A School Was Forced To Close After Teens Allegedly Sent 'Pretty Little Liars'-Inspired Threats
File this under "life imitating art gone wrong." On Friday, Ohio's Piqua High School cancelled classes after two teenagers allegedly made threats inspired by the ABC Family drama Pretty Little Liars. For those unfamiliar with the show, it's set in a small suburban town, where the primary story line centers on four young women terrorized by text messages from the mysterious "A.," who threatens to expose their secrets. (Considering they were characters in a teen soap, these secrets were worth keeping under wraps.) According to the Associated Press, two 14- and 15-year old girls, whose names have not been released, allegedly made similar threats last week, which reportedly led to unsubstantiated rumors of a planned school shooting.
"We will not tolerate behaviors such as this that distract students from the learning process," the Piqua City Schools Superintendent, Dwayne Thompson, tells Bustle over email. "It is absolutely unacceptable to induce panic such [as] this in any public environment, but especially in a school setting. We will always act accordingly with law enforcement and seek maximum penalties and disciplinary action in situations such as this."
So far, no one affiliated with Pretty Little Liars, which aired its series finale over the summer, has commented on the incident.
Police say the 15-year-old student at Piqua High School allegedly created a Snapchat account under the name "A.," just like the mysterious villain of Pretty Little Liars fame. Like the fictional character, the real-life "A." allegedly posted to say she would expose her peers' secrets. Police say this caused one of these classmates, the aforementioned 14-year-old, to allegedly leave her own message on a bathroom mirror: "I'm still going to shoot up the school. A."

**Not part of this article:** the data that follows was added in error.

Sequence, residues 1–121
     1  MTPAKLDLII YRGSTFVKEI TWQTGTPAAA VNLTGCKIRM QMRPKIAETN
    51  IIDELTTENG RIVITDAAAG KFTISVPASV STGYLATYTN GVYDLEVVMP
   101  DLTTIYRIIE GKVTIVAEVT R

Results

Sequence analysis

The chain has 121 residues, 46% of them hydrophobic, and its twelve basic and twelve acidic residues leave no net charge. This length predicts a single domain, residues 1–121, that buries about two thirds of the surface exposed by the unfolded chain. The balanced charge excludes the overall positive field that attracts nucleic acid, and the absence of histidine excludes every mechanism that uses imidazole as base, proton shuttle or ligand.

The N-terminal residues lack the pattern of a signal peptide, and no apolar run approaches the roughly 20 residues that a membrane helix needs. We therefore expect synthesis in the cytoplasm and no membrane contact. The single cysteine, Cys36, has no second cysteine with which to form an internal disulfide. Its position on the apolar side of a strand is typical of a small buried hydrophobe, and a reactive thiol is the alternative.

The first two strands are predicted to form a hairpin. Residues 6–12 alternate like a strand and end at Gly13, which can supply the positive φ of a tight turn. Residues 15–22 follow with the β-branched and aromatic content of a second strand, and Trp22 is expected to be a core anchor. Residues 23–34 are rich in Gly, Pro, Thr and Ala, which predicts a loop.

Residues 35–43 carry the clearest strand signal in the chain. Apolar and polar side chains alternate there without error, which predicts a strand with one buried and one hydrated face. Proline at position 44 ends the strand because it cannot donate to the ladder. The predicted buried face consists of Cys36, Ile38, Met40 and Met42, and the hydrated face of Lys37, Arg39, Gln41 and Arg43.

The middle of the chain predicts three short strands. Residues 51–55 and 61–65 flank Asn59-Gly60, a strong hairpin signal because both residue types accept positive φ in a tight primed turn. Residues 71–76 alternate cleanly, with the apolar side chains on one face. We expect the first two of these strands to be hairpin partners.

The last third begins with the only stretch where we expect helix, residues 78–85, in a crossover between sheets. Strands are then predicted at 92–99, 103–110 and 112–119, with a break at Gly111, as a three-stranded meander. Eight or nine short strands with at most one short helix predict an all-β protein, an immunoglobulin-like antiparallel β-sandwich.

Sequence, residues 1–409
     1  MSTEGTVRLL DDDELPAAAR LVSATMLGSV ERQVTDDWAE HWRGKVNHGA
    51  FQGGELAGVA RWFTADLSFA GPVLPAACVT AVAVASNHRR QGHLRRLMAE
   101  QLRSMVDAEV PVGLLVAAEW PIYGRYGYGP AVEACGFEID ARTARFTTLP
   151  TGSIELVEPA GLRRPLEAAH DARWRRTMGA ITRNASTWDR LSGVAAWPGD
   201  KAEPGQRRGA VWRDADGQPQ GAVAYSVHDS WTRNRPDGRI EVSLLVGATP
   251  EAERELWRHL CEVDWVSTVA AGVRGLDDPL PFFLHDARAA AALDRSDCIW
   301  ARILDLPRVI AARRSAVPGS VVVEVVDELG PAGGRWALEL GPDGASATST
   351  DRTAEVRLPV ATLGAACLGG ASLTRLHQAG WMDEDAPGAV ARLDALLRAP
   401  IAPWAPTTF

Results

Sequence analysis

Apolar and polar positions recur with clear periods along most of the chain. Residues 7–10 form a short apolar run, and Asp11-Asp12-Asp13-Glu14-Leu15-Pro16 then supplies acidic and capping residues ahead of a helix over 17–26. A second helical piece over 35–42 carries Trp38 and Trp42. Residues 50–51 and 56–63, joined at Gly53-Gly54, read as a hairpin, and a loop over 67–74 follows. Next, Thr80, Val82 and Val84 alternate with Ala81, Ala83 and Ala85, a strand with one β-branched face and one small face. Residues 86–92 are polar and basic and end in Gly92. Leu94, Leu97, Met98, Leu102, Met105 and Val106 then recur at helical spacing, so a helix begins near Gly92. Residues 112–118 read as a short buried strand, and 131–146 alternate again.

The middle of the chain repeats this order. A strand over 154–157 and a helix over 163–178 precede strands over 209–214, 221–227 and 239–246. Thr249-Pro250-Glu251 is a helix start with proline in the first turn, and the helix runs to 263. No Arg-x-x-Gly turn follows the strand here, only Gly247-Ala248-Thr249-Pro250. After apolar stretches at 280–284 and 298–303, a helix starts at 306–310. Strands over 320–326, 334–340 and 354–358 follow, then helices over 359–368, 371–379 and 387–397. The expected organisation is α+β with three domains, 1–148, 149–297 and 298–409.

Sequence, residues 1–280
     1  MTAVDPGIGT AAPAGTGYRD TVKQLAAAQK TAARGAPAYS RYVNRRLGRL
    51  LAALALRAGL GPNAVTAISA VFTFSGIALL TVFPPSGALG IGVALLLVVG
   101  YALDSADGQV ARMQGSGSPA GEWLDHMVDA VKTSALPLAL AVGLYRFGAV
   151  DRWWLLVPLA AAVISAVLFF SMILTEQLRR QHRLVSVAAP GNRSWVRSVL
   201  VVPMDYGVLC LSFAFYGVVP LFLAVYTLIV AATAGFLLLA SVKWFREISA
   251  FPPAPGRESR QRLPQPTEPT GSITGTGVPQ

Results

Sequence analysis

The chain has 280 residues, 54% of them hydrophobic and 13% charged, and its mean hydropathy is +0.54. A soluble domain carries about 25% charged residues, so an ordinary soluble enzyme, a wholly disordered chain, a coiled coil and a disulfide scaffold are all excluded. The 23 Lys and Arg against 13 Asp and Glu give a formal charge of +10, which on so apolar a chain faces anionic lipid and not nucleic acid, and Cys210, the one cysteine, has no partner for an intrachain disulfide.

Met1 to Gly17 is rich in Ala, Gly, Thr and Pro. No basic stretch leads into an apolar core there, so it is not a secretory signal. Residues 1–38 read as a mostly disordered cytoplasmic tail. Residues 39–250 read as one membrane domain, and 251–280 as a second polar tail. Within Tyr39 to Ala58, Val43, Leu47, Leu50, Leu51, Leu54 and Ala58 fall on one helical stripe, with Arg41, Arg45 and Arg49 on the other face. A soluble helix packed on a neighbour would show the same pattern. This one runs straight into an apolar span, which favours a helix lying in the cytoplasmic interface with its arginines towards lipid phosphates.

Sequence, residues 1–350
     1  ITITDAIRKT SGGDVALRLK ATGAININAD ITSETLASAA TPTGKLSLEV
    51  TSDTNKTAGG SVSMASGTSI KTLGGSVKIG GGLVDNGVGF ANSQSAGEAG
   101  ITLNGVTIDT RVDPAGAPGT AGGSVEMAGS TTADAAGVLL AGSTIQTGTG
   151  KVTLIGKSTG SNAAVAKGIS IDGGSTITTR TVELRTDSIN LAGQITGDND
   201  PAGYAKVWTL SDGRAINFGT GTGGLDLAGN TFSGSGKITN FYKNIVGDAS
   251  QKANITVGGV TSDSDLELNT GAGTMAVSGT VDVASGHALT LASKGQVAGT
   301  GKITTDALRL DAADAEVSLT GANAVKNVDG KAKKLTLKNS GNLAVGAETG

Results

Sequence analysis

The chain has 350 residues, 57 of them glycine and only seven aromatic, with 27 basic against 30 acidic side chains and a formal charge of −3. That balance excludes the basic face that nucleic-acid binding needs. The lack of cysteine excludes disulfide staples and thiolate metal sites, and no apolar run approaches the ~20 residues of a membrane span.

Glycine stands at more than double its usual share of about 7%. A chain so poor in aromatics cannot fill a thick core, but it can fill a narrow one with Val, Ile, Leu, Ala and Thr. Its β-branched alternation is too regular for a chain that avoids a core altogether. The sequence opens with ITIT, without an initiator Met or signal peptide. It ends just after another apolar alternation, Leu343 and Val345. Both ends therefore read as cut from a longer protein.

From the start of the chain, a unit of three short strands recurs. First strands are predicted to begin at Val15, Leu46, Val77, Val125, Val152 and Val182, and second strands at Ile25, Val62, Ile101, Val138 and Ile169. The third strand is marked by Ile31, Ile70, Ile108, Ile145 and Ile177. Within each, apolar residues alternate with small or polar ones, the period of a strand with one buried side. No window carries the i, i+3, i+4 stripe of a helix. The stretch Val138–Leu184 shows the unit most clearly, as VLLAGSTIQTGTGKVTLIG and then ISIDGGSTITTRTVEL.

In response, Piqua High School let its students out early on Thursday, and classes were cancelled for Friday. (As of Monday morning, no shooting has been reported.) According to Thompson, the school's staff conducted themselves admirably throughout the incident.
"I was really proud of the Piqua High School staff," he wrote. "They remained calm and worked in tangent with the Piqua Police to keep students safe and orderly through this whole situation. I appreciate their professionalism and ‘students first’ mentality."
According to police, the two teenagers suspected of allegedly creating the Snapchat account and writing the message in the bathroom have been arrested and charged in juvenile court.
In a year marked by violent shootings across the world, but particularly in the United States, school officials take such threats seriously. On Nov. 14, a gunman went on a rampage in the northern California town of Rancho Tehama, where he reportedly entered an elementary school at one point. Before that, there have been numerous school shootings, from the 2012 killing spree at Sandy Hook Elementary to the 1966 clock tower shooting at the University of Texas.
There have also been incidents of people being moved to commit (or threaten to commit) crimes based on films or TV shows. In 2011, a woman robbed a bank in the suburbs of Chicago, Illinois while dressed as a nun, a choice seemingly modeled after the Ben Affleck movie The Town. Police said the 2009 bombing of a Starbucks in the Upper East Side was a tribute to a similar event in Fight Club. More recently, two young Wisconsin teens pled guilty to stabbing a classmate when they were all 12 years old to please the Slenderman, a popular online fictional character.
Fortunately, the alleged threats inspired by Pretty Little Liars never came to pass, if they were ever intended to do so in the first place. That's the difference between real life and television: On TV, it takes seven seasons to resolve the plot. In real life, it can take just a weekend.